Robin Williams was sober but was struggling with depression, anxiety and the early stages of Parkinson’s disease when he died, his widow said Thursday.
Williams was found dead in his Northern California home Monday from what investigators suspect was a suicide by hanging.
While fans and friends have looked for answers to why the 63-year-old comedy icon would take his own life, his wife, Susan Schneider, issued a written statement that could shed some light.
“Since his passing, all of us who loved Robin have found some solace in the tremendous outpouring of affection and admiration for him from the millions of people whose lives he touched,” Schneider said. “His greatest legacy, besides his three children, is the joy and happiness he offered to others, particularly to those fighting personal battles.”
“Robin’s sobriety was intact and he was brave as he struggled with his own battles of depression, anxiety as well as early stages of Parkinson’s disease, which he was not yet ready to share publicly.”
“It is our hope in the wake of Robin’s tragic passing, that others will find the strength to seek the care and support they need to treat whatever battles they are facing so they may feel less afraid.”
Williams had been active as an actor in the last year of his life, performing in a CBS sitcom that was canceled earlier this year and acting in four films that have yet to hit theaters.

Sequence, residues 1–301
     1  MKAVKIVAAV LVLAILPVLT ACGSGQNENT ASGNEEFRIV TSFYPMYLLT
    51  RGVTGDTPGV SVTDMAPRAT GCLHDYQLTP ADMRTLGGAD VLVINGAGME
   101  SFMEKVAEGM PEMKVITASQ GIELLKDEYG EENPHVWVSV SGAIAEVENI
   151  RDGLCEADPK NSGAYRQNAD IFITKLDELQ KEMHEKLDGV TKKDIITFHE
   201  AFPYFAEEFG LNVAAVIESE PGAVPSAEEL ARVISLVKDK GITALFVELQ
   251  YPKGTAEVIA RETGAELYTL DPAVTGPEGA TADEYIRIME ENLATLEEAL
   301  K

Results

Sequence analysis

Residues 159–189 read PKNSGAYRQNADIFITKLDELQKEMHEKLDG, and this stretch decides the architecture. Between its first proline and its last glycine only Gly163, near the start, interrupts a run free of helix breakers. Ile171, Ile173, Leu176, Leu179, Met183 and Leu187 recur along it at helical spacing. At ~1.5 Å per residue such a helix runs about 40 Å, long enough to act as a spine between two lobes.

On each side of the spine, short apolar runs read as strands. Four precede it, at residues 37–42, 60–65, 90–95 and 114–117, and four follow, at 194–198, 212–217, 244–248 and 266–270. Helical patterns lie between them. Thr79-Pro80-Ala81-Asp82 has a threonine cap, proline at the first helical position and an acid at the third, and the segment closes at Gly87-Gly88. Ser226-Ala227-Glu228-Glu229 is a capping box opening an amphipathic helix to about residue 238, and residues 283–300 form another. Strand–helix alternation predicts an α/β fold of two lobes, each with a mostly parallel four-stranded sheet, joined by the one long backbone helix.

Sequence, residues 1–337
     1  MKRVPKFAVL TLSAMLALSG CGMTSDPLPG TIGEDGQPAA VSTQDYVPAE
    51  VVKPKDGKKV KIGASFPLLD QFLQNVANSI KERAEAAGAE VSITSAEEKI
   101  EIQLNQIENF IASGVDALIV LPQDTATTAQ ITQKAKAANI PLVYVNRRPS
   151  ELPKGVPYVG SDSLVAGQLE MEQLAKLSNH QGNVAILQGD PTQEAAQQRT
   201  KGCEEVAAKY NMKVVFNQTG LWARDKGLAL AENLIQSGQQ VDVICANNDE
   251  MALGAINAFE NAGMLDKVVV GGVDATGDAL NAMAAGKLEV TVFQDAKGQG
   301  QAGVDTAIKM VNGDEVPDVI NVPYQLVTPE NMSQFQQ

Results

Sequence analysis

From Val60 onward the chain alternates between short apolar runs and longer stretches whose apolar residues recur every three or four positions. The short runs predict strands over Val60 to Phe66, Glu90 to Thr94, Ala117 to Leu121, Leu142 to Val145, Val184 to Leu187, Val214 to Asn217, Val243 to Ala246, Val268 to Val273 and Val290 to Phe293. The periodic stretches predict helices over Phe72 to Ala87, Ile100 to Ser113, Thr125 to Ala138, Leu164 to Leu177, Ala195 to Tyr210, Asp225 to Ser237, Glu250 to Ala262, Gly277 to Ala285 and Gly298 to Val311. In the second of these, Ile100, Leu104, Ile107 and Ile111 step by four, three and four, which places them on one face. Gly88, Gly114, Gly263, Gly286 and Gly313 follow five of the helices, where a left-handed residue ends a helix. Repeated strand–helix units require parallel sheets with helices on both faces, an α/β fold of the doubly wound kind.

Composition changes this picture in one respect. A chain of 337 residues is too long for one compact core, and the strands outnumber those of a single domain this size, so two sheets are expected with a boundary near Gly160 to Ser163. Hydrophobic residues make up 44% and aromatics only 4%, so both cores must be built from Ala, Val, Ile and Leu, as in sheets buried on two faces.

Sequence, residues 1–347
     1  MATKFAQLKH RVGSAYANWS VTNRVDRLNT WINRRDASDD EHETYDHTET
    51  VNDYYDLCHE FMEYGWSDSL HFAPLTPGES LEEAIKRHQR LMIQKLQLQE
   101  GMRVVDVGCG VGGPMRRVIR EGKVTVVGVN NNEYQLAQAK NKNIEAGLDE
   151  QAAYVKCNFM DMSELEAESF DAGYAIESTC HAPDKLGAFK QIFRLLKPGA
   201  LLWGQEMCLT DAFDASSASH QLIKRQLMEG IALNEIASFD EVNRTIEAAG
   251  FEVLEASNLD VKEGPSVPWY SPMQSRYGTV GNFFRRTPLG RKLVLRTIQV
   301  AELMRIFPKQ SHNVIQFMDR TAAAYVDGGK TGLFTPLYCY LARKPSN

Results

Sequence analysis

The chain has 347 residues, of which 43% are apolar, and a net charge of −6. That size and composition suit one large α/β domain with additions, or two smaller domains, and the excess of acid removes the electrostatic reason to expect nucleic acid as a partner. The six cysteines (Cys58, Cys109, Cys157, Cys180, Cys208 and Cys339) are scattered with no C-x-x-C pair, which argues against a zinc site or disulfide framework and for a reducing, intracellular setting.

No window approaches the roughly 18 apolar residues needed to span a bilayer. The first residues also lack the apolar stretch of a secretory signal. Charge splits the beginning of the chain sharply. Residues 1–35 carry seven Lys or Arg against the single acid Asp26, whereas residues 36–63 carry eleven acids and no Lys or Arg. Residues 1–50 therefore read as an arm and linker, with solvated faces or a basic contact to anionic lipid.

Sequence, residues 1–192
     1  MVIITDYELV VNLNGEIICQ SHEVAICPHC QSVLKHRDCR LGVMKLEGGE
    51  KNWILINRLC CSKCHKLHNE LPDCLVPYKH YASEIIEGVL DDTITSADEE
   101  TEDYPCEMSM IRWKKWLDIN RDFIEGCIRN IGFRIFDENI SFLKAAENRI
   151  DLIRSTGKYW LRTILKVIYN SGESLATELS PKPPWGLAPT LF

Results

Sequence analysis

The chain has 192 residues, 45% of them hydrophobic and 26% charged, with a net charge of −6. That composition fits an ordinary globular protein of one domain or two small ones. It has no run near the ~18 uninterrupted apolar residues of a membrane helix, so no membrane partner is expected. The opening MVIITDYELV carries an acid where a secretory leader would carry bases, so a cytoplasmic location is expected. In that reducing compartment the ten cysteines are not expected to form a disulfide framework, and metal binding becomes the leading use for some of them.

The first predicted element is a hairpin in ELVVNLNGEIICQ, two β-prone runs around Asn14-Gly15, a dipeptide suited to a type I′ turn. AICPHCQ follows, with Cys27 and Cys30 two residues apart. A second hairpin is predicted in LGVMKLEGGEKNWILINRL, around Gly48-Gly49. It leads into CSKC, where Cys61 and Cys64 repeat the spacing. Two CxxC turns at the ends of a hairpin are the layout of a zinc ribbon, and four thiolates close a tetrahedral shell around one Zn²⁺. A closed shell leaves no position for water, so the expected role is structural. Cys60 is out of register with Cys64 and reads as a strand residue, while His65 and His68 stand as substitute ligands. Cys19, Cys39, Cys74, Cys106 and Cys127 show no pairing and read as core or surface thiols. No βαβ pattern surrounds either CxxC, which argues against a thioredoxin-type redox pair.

He spent time in a treatment facility in July, a time when his wife and representative have said he was battling depression.
Media reports at the time speculated that Williams had resumed drinking alcohol, but the statement from his wife appears to dispute those reports.
Williams entered rehab because of drug and alcohol addiction at least twice previously.
Parkinson’s disease “causes certain brain cells to die,” according to a description on the website of the National Institutes of Health. It is more likely to affect men than women and most often develops after age 50, the NIH said.
“During this initial phase of the disease, a patient usually experiences mild symptoms,” according to the National Parkinson Foundation. “These symptoms may inconvenience the day-to-day tasks the patient would otherwise complete with ease. Typically these symptoms will include the presence of tremors or experiencing shaking in one of the limbs.”
Investigators believe Williams used a belt to hang himself from a bedroom door sometime between late Sunday and when his personal assistant found him just before noon Monday, according to Marin County Assistant Deputy Chief Coroner Lt. Keith Boyd.
Boyd would not confirm or deny whether Williams left behind a letter, saying that investigators would discuss “the note or a note” later.
The coroner’s investigation “revealed he had been seeking treatment for depression,” Boyd told reporters.